This wasn’t working so they invented a new way to print and called it Long Term Refinancing Operations (LTRO) where they loaned cash to failing banks who in turn purchased the sovereign debt for them, also known as the Sarkozy trade.  Again, this program failed to tamp down bond yields causing the ECB to return to the drawing board and create Outright Monetary Transactions (OMT) promising to buy debt in unlimited quantities.

The last one did the trick causing yields to move down to acceptable levels from the ECB’s perspective. All throughout this saga, the economic and fiscal fundamentals that ignited the crisis did not change. The only thing levitating European stock and bond markets was the Draghi put on the entire financial system  The Italian elections have merely served to show the world that money printing is a salve that offers temporary relief to a symptom while doing nothing to address the underlying disease.

The results of the election and their effect on markets should not have come as a shock to anyone. Steve Englander from Citigroup wrote:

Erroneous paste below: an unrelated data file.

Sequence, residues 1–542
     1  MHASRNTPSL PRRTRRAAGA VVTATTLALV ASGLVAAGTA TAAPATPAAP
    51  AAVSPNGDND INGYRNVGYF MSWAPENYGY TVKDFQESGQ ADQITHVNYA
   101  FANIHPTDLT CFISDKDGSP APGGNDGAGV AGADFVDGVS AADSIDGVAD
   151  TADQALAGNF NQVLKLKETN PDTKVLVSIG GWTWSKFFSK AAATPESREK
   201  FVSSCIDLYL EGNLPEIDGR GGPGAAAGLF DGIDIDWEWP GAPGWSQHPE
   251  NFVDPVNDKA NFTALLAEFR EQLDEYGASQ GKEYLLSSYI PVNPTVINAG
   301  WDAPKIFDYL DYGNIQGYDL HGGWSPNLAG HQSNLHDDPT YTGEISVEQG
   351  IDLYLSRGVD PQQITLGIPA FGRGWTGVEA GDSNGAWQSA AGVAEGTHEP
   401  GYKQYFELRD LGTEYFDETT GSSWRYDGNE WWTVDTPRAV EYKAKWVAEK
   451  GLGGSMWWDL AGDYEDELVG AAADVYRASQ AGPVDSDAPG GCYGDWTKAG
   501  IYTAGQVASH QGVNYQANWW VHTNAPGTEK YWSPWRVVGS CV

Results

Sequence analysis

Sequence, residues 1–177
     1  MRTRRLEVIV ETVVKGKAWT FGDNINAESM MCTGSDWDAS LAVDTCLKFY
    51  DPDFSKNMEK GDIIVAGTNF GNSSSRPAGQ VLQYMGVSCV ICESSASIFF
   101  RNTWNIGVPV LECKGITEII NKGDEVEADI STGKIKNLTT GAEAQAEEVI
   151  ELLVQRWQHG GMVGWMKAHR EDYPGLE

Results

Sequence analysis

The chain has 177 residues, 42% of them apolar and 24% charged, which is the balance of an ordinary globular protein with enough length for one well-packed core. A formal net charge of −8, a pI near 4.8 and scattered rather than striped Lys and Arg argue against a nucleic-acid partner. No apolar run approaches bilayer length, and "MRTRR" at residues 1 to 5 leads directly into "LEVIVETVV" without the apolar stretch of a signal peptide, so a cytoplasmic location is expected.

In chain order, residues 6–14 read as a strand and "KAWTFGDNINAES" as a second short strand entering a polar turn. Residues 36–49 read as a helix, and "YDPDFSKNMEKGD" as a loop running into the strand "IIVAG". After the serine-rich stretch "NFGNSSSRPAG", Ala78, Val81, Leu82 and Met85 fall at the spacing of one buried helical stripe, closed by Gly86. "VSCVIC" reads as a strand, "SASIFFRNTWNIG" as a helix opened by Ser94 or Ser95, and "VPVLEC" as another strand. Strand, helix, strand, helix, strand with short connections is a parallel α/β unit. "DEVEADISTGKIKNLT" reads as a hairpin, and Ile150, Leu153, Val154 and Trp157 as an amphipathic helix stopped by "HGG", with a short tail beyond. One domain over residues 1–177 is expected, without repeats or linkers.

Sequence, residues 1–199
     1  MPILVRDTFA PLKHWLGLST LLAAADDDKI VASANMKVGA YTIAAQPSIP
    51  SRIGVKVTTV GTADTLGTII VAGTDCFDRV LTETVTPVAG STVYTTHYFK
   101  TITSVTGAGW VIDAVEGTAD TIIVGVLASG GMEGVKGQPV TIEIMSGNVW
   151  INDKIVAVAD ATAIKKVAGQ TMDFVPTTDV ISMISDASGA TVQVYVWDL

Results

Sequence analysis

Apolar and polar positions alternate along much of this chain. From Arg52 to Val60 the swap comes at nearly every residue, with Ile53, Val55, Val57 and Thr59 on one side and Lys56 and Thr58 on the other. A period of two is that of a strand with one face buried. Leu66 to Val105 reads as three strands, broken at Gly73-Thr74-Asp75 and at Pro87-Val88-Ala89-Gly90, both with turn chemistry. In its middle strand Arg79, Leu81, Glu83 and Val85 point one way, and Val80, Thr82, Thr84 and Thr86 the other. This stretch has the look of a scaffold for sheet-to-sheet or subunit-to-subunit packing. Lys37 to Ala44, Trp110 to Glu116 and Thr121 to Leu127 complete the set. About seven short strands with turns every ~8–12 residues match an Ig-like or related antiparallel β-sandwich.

This is the first European election in which voters didn’t do the right thing…They gave surprising support to politicians who reject austerity and, in some cases, the euro. This could become a major problem if it proves contagious.

The problem with Mr. Englander’s analysis is that he is a bankster, so he believes that citizens paying taxes to bailout problem banks and countries is the “right thing.” This is why he is so surprised that voters reject policies that are not working for them. In every country that has elected a pro-German government, Portugal, Ireland, Greece and Spain, a worsening recession caused by austerity was the result.  Sure, insolvent banks and governments are kept afloat, but the people continue to suffer from economic contraction and high unemployment.

Englander is right about one thing. A contagion may begin spreading. Once a country is forced to request activation of OMT, investors in PIIGS debt will learn that the Draghi promise to do “whatever it takes” was a bluff. The FANG countries will not allow the ECB to run up the hundreds of billions of euros in debt necessary to bail out the periphery without serious conditions. I do not believe that the politicians in Italy and Spain have the clout to implement them.

The longer it takes Italy to form a government, the more bond yields will rise.  Once they hit a tipping point, the ECB will be forced to act. This is when the game will become interesting. It is in Germany’s interest to do anything to maintain the eurozone, but Spain and Italy will be unable to implement more reforms. Will the Germans blink and allow unconditional debt monetization?

Without the elections, I would say that they would without question, because maintaining the cheap euro is in Germany’s interest. However, when these same politicians have to face angry voters with bailout fatigue, defending unconditional debt monetization will alter the dynamics of the campaign.